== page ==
Humans is powered by Vocal.
Vocal is a platform that provides storytelling tools and engaged communities for writers, musicians, filmmakers, podcasters, and other creators to get discovered and fund their creativity.
How does Vocal work?
Creators share their stories on Vocal’s communities. In return, creators earn money when they are tipped and when their stories are read.
How do I join Vocal?
Vocal welcomes creators of all shapes and sizes. Join for free and start creating.
To learn more about Vocal, visit our resources.Show less
She was eating what looked to be the smoke sage seitan burger or the beast-mode deluxe, but he couldn't tell. There was a weird thought in Bray's mind, he felt it. There was only the sound of Nalani chewing her food, and breathing heavily.
"Can you bring my rolls of film, please?" She asked him this through messenger just before their sit down, and that was when the weird thought really came in. He hadn't gotten her films developed in three weeks, why did she ask for it today? It was Wednesday, a hot-ass August day in midtown, at the Pennsy. There was an event happening just a few feet from them, and Bray, unlike Nalanie, wasn't eating (he hadn't eaten in a day, but has been drinking Gatorade a lot, lately). She had a look of annoyance, and she was fierce—she had something to say, but gave it some more thought. She did something Bray never appreciated, she pulled out her iPad, looked at it for a few seconds, and she handed it over to him.
"What?" he asked, blankly.
"What I highlighted, those were the things you said that almost made me cry."
He didn't get it. He read the conversation, which was a .pdf form of the messenger conversation they had hours ago. The words she highlighted were reminders of a man saying what he knew wasn't true but seldom could cope with being wrong. There was mockery in his voice as he read the words, aloud. Nalani had just sat there, looking at him, knowing exactly what needed to be done. There wasn't room for considering, no room for patience and seldom was there any ounce of empathy left in her. He continued reading aloud.
"You didn't even watch my video," and he read another one, "... hell, you don't even give me love, the way you used to."
He gave her an ironic look, and before reading the next highlighted line, Nalani snatched the iPad away from him.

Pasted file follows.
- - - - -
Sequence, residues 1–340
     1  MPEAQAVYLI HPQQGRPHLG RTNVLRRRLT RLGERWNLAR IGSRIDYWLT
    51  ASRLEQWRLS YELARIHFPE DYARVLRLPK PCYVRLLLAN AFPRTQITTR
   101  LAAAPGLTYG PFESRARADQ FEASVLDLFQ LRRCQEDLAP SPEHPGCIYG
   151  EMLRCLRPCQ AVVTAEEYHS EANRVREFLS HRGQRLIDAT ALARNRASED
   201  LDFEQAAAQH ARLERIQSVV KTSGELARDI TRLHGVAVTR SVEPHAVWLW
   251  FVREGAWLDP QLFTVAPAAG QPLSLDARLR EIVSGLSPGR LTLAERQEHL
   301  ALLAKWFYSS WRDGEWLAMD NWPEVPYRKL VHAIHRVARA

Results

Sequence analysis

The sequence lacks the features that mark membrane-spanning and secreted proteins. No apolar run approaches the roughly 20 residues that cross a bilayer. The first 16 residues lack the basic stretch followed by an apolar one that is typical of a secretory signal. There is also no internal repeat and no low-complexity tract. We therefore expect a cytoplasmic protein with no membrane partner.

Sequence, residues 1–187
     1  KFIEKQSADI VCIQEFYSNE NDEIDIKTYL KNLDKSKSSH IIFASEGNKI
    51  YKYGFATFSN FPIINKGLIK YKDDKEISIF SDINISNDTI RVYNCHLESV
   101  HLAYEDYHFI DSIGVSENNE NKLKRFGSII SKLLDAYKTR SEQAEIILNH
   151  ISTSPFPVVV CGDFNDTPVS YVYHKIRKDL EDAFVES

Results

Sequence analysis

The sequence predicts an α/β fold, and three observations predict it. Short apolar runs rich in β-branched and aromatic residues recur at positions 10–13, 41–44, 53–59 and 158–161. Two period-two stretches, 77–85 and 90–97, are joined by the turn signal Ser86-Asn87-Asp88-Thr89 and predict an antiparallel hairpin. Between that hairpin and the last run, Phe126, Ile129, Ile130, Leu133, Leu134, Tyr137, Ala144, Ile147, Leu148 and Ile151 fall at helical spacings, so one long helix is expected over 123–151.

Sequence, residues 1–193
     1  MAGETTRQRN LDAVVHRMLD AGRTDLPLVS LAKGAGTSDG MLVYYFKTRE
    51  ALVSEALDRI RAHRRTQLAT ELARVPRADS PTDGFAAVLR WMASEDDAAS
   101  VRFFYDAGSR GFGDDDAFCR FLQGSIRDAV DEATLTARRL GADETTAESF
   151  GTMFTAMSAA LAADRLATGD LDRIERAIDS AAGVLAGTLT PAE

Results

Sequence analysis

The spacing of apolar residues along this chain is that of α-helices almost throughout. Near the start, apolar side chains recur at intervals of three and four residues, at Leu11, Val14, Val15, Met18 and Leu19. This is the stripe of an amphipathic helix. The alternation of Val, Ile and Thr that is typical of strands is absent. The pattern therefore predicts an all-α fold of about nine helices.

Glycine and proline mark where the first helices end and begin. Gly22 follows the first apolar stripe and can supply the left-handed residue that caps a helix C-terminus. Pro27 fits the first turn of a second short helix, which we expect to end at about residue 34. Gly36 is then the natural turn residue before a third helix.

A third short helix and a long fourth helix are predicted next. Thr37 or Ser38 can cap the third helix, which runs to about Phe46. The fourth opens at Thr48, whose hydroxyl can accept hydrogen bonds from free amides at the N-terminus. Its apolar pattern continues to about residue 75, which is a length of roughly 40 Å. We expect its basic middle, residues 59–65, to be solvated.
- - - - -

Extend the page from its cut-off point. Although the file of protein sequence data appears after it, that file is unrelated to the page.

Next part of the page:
"You can go now. It's over."
Over? Wait... he paused, but still putting a front, unguarded. "It's over? Just like that, huh?"
"Yes, you can go now." And proceeded to eat.
"I'm not leaving, fuck that."
"Then I'll call security."
"Please, you'll be doing me a fuckin' favor, go ahead."
She looked behind her and saw two young twenty something year old, scrawny men wearing tight blue shirts reading 'Security.' She turned facing Bray, again and said nothing.
There was nothing to say, actually, at this point. It's been almost two years, and this was what it was coming down to, he thought. Nalani didn't think twice, Nalani didn't think anything, or that's how it looked. There was tension, there was trading displeasure and there wasn't a moment for redemption, on his part. Nalani walked away.
Bray followed her, like in the movies and he knew it was absolutely absurd, but hey—fuck it, right? Okay, if this was going to be the way it happens, let us stop and talk somewhere private and say something meaningful, with a little bit of sting, he thought.
She threatened him as she walked.
"I'll call the cops, don't fuckin' touch me."
He kept pursuing, though. She didn't turn, once. The view was familiar and he lost all of his steam, seeing the building of her job. In his head, he played the scenario of Nalani turning to him for a 'farewell' or a 'it was really good knowing you,' something to that regard. She opened the door, though, and as she took her first step in, he grabbed the knob. Both their hands close but not over each other like it could've been. They both glared, it wasn't nice at all, it all happened too fast. Nalani was gone.
He went to the sidewalk and started calling her and messaging her. There was this feeling of loss, like the way you may have lost your savings or you just got news of someone, you were close to's death. Noise... heat... vision... it all just, receded. Nothing but still, and the waking in a momentum of the big bang. He messaged till she answered him, she may have been emotional or just, but messages are quite hard and rather vague to grasp such a conclusion.
"It needed to be done." She sent.
"This was on you." She sent.
"Make me proud." She sent.
Make me proud? He was taken aback. The words felt played, rehearsed, as you could imagine with anyone else in this scene. That's what it felt like, a scene.
He asked her to tell him she loved him. She did, and then she stopped answering. It was only three o'clock, now.
The word 'toxic' came to mind. She had mentioned something before about Bray being toxic. He was, he knew it, then.
Isn't that something? You realize every thing wrong with you right after its hit ya. He had to walk four blocks and three shamefully long avenues to the F train, at Herald Square. He wanted to know what Nalani was thinking and feeling, at this exact moment.
Too bad he couldn't.